Four totally unrelated observations before getting on to the link roundups:
One of the best parts of the stimulus package – the best, at least in terms of my own personal situation – was the COBRA premium reduction. As long as I’ve been paying the reduced premium, I’ve felt like I’ve had affordable coverage with a reputable company that’s not tied to my employer. I’ve been able to move from one contract to another without switching doctors or learning a new set of copayment rules. It gave me a glimpse of how I’d like health care to look: not related to my employer, and pricey but not so expensive that it would cripple an average family budget.
The temperatures have dropped slightly in Florida but the high-rise I work in continues to blast – literally – freezing cold air out into the work area. I will need a sweater soon. It’s in the 80s outside. I shudder to think of (a) the cost, (b) the environmental impact and (c) the illnesses it seems to cause – half of the office is sniffling and the other half are coughing. It’s unpleasant in the extreme.
I have been writing two ebooks (slowly) and I found a tool to do so that really surprised me. I am no fan of Microsoft Office, preferring Open Office, but MS Office has some nice formatting tools and I’ve been able to put together what are – to me – pleasing “Webby” looking documents. I am trying to use the e-book writing to spur my own creative thinking for this blog.
Finding writing subjects for the blog has continued to be a struggle for me, but I’m trying to broaden my reading a bit to shake up my brain. I blame, recently, Stephen King and football. King is one of my favorite writers, but for some reason my brain seems to get distracted from other subjects. Same goes for football – if you’re a fan it’s easy in the internet age to do nothing but read football ALL DAY LONG. Reading stats and game analysis crushes a lot of creativity. So less pop culture, more esoteric stuff (new blogs, non-fiction books and more notebooking of my own ideas).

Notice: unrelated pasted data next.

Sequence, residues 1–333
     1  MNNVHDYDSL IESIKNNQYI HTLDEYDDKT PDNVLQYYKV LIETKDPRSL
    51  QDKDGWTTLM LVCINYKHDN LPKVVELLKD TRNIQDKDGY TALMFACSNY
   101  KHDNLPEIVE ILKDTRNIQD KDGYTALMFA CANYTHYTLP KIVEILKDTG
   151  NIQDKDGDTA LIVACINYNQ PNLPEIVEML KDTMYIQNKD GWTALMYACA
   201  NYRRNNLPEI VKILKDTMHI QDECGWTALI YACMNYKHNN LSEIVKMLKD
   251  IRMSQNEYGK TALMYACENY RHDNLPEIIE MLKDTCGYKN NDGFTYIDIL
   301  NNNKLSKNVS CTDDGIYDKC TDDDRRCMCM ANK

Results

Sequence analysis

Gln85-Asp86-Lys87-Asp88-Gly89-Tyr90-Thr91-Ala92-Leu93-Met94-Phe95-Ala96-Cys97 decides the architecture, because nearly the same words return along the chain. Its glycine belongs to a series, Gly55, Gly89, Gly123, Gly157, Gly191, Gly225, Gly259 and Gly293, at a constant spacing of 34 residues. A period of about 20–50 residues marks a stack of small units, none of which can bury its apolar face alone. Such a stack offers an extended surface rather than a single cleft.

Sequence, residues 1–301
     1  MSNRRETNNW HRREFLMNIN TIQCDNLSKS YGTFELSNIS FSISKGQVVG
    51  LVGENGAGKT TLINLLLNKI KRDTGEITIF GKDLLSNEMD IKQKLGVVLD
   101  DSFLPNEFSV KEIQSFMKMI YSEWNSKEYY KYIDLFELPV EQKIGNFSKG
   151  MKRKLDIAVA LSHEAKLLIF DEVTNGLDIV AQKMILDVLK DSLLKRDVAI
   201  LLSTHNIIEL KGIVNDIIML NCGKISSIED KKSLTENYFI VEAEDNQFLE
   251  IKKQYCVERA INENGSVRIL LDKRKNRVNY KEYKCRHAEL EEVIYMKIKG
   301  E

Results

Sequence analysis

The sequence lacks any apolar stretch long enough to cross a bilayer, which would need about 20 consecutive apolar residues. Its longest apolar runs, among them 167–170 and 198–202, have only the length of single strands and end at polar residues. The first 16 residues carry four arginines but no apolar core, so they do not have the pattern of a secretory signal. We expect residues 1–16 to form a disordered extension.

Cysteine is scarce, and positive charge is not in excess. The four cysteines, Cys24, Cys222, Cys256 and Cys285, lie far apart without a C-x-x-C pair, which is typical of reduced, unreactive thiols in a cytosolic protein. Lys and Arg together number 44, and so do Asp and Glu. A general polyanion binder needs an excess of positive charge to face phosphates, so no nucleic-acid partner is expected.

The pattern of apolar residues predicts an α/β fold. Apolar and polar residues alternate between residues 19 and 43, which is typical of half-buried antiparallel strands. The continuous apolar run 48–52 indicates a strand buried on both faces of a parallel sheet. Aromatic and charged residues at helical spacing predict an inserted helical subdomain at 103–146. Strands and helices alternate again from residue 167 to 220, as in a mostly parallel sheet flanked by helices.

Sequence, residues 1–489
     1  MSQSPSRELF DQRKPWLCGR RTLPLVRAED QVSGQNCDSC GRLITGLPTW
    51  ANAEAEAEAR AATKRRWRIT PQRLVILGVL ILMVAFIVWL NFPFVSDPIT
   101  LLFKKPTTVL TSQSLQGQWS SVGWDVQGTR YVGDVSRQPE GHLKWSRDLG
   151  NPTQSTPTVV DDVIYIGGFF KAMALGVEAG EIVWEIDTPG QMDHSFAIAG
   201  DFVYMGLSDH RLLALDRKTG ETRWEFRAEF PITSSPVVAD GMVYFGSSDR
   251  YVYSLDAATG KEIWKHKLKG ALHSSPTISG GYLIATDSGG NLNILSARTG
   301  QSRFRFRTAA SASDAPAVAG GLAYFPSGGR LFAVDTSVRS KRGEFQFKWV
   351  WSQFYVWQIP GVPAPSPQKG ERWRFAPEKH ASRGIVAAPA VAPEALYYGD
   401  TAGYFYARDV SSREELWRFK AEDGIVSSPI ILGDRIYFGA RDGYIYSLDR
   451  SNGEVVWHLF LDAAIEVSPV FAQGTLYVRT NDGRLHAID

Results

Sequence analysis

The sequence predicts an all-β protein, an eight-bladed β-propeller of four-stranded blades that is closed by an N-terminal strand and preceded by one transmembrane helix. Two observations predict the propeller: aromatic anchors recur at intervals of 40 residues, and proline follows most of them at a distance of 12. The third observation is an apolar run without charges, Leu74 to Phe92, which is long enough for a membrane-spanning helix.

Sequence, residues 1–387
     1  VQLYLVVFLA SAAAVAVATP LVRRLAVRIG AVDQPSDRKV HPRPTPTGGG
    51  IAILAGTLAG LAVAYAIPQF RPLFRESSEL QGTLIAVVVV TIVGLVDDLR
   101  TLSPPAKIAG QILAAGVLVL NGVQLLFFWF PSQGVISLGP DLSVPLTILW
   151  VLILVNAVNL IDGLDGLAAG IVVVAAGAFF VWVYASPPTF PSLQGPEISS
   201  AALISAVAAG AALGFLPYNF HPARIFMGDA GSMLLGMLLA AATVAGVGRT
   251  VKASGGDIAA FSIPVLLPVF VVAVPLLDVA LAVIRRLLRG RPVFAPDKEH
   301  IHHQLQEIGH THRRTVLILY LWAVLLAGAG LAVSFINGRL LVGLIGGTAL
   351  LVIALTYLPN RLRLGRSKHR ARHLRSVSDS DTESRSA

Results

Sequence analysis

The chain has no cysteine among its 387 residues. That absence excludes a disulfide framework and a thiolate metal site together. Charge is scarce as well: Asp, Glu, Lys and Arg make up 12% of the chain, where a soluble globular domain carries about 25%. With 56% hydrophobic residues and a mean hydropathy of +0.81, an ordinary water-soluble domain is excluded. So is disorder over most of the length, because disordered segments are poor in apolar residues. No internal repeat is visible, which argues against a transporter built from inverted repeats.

On to some links. I will actually have a second linklings post tomorrow – otherwise this would have been the War and Peace of roundups.
Saving For Retirement? Best Move For Your Retirement Plan: I have put off rolling my 401(k) into an IRA for about six months, and I just started moving it this week. I have no idea why I didn’t go ahead and do this sooner – I can think of no possible benefit to having a dormant 401(k) sitting in a separate account when I have my TD Ameritrade rollover IRA ready to go – plus, they have a bonus if you start a new IRA before December 31st.
Did Mortgage Rates Just Hit Rock Bottom?: Surely rates can’t go much lower, although I’d like to have a 2% mortgage if someone would give it to me.
How We Saved Money when Moving: Having just been through this, I liked these tips (actually this is a post linking to the post on the Quicken blog).